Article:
In a phone interview with Newsweek recently, Bell brought light to the show’s underlying theme—we need to work together to bring about long-lasting change.
“Everybody has a part to play and you see that in the series as we go out. Whether or not the majority thinks that this person’s way of handling or breaking through the system to create change is the right way or popular way doesn’t matter. What is your purpose and how can you contribute? To the best of your abilities, given your background, everything—what is the best way that you can contribute? What is your purpose?” he said. “Everybody has some way to contribute.”
By the show’s end, the students, particularly Troy, start to realize just how loudly they’ve all been yelling the same message but just in different languages, and you can’t help but to wonder how much more of an effective force the students would have been if they would have all just worked together from the start.
“We need everybody. We need MLK Jr. We need Malcom X. We need Angela Davis and we need a Coco,” Bell said. “You need people working within and outside of the system, hopefully in collaboration. I know in the past we’ve seen tension between different sides, in terms of, ‘My way is right. It’s my way or the high way,’ per say. But we can utilize all our talents to bring about lasting change honestly.”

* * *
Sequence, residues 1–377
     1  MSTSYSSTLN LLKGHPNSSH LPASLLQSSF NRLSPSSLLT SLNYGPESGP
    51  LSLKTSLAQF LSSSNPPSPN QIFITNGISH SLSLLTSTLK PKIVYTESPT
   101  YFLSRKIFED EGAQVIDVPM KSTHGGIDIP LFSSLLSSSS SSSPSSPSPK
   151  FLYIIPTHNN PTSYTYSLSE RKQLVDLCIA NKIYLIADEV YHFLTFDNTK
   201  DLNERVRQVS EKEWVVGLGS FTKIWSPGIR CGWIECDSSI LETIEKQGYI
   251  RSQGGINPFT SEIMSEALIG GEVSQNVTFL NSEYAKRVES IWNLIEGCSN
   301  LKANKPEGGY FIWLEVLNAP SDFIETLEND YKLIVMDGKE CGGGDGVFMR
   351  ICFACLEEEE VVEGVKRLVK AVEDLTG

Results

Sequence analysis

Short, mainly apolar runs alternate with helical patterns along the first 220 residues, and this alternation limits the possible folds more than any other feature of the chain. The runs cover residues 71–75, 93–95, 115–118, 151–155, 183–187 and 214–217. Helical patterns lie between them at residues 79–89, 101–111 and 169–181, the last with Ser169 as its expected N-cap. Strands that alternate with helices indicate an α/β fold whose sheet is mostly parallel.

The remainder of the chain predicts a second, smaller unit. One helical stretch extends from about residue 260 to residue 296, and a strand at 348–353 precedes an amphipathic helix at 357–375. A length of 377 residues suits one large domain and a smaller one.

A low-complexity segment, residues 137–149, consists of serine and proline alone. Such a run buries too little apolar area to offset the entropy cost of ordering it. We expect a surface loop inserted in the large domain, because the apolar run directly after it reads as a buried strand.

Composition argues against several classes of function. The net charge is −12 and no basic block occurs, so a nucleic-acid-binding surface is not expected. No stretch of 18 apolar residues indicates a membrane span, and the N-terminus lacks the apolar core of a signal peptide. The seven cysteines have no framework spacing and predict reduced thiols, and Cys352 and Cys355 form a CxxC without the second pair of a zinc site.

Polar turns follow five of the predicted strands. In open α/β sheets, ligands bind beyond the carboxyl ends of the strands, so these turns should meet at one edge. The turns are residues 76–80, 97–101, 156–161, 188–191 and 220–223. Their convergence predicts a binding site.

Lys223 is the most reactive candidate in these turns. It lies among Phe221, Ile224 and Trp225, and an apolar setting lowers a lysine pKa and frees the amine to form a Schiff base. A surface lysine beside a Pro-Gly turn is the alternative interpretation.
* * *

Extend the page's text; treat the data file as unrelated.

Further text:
Check out Newsweek's’ full interview with Bell below.
Was this always the plan, taking Dear White People from the big screen to the TV?
It was always, from my understanding, an idea Justin always had to kind of extend the stories, the characters, just expand on that world. So we had heard rumors over the next couple years, and timing is everything. It so worked out. I’d done some other things and at the time my schedule was available. We spoke about Troy and his arc, and I was like, “Let’s do it. Let’s dive deeper into these characters that not a lot of people have seen before.”
A lot of people have expressed how timely and relevant this show feels, given all the racial tension in America right now. What’s your take on that?
It’s interesting because it’s such a unique, fresh project. The film itself was. However, I feel like the TV show is almost more timely than the movie was when it came out, [especially with] the socio-political climate of where we live today in the states. So I absolutely agree with what everybody’s saying. It’s absolutely timely.
For you personally, how was it returning back to the role of Troy after everything that has happened since the movie came out in 2014?